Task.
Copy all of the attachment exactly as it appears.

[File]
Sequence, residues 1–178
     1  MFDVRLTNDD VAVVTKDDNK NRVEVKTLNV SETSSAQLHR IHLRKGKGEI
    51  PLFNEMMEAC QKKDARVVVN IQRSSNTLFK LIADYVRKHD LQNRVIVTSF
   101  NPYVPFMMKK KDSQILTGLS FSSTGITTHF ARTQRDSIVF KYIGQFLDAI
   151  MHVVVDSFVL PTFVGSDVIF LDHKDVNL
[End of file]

Sequence, residues 1–178
     1  MFDVRLTNDD VAVVTKDDNK NRVEVKTLNV SETSSAQLHR IHLRKGKGEI
    51  PLFNEMMEAC QKKDARVVVN IQRSSNTLFK LIADYVRKHD LQNRVIVTSF
   101  NPYVPFMMKK KDSQILTGLS FSSTGITTHF ARTQRDSIVF KYIGQFLDAI
   151  MHVVVDSFVL PTFVGSDVIF LDHKDVNL